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French invasion at Killala—Character of Humbert—*
,&»rte$s of,Qr^qn4 and the clergy—Clanricarde's ^Xfrntstr^efti^r-Negociation wfththe duke of Lor-' .rffin—Progress oftjie republicans—Siege of LimeTick Executions—Siege of Galway—Further .proceedings—Executions—Disposal of forfeitures— Cromwell .protefyor—Miscellaneous transactions— CromweWs indulgence to the Irish—Arbitrary measure ipitji xespect p the press—Administration of ffenry firpmypell—His resignations-Proceedings of ,ffie .roygljsts—Council of officers—Ludlow—Seizure of the Casfile, ayd its.redyi8.ion.
.W,aj^E fteipn ,and ..Cpote .were completing their c H A P.
cp.nquests, the former in the south, the latter in the *. '. north, the niajquis of Ormoud was deeply engaged, pTM^"1 bedsides his. military efforts, in contests with the Ro-°"dr the mish clergy, ..who, intent on a delusive object, the ,vol.,il B • establish
Chap, establishment of the papal power "in Irelandtifider *—v-—* their own administration, by the intervention of a foreign prince, counteracted the plans of the royalists, and thus unintentionally facilitated the progress of the English republicans on the subjugation of the whole. As all Connaught, with Limerick, still remained in the hands of the confederates, and as this town, together with those of Sligo and Galway, could be easily fortified beyond any danger from Ireton's force, and were commodious by their ports for the reception of succours from abroad, a successful opposition might long have been made to the republican arms, if unanimity and resolution had prevailed among the professed abetters of the royal cause: Proposing, by the advantage of the important post of Limerick, to prepare in the winter an army fit to face the enemy in the ensuing spring, but denied by the citizens, when he requested their admission of eighteen hundred men for a garrison, Ormond, by the advice of the commissioners of trust, summoned twenty-four prelates to this town to consult with him on the distracted state of affairs, and proposed to them that either obedience to his authority should be procured by their influence, or some other way should be recommended, by which it might be preserved, on his withdrawing from the kingdom.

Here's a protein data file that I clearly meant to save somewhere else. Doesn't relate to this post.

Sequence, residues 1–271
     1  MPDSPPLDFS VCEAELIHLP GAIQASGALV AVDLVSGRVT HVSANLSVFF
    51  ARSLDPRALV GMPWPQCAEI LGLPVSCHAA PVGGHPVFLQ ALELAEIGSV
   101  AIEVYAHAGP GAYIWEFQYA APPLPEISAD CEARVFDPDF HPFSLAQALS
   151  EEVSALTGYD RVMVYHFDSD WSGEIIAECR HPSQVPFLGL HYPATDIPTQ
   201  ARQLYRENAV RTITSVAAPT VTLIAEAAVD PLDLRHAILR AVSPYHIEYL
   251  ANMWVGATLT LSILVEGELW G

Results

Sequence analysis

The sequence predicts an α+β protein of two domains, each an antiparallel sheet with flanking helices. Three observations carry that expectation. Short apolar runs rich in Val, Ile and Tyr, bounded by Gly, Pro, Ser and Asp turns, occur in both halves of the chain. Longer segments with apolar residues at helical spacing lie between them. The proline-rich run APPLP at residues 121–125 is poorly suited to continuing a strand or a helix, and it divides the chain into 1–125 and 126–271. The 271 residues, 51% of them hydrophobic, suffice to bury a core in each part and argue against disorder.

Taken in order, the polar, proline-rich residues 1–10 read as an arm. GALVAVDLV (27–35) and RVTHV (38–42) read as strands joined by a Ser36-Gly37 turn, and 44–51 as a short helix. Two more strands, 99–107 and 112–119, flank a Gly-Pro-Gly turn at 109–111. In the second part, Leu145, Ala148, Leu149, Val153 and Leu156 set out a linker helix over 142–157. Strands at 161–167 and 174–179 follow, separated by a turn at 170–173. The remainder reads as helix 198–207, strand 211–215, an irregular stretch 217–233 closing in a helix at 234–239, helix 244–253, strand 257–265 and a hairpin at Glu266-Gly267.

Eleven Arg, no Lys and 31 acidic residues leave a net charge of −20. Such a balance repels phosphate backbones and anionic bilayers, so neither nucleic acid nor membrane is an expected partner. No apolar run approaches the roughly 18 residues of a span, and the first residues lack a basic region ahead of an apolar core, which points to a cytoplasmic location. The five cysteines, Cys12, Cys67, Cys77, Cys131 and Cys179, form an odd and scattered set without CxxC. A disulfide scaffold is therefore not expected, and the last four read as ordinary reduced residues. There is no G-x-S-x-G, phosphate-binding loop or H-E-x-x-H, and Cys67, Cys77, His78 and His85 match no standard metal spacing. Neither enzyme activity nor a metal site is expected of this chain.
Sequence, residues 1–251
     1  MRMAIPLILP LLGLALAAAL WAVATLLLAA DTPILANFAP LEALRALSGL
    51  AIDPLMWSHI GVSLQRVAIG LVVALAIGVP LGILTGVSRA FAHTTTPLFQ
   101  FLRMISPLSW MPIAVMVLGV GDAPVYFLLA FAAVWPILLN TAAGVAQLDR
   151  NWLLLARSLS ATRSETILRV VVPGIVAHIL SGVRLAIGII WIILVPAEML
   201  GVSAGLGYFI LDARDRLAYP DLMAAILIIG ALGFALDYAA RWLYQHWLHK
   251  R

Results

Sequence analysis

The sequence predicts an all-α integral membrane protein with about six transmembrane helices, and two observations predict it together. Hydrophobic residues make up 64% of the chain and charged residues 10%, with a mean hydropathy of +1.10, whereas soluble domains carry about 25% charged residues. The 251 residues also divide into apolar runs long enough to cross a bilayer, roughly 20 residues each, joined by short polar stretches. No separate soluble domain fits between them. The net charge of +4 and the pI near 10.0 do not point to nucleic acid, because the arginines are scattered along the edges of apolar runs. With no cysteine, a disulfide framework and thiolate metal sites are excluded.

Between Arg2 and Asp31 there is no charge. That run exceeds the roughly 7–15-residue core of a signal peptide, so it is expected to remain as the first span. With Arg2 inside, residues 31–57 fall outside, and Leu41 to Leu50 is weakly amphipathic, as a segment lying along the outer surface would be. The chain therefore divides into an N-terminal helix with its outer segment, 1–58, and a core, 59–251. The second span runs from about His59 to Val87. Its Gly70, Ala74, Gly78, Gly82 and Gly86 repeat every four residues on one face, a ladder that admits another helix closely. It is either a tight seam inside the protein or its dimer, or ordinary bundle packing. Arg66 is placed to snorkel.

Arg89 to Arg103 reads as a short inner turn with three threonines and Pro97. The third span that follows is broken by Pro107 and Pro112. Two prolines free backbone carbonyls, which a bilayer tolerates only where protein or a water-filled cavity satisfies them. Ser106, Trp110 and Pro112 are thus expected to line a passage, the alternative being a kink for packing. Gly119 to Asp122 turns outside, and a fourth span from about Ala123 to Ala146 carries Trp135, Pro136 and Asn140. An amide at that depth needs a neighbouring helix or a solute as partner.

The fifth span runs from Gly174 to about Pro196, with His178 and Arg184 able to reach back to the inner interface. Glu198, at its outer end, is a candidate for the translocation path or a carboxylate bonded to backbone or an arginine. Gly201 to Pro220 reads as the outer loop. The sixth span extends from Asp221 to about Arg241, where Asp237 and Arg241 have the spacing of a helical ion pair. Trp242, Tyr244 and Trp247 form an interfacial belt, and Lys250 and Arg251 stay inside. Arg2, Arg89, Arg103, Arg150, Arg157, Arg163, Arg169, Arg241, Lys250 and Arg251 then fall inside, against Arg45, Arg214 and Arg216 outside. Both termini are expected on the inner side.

Among the proposals of this assembly, mostly lax and indefinite, the most precise and important were, that the receiver-general should account for the sums levied since the peace; and that a privy councit should be composed of native nobility, spiritual arid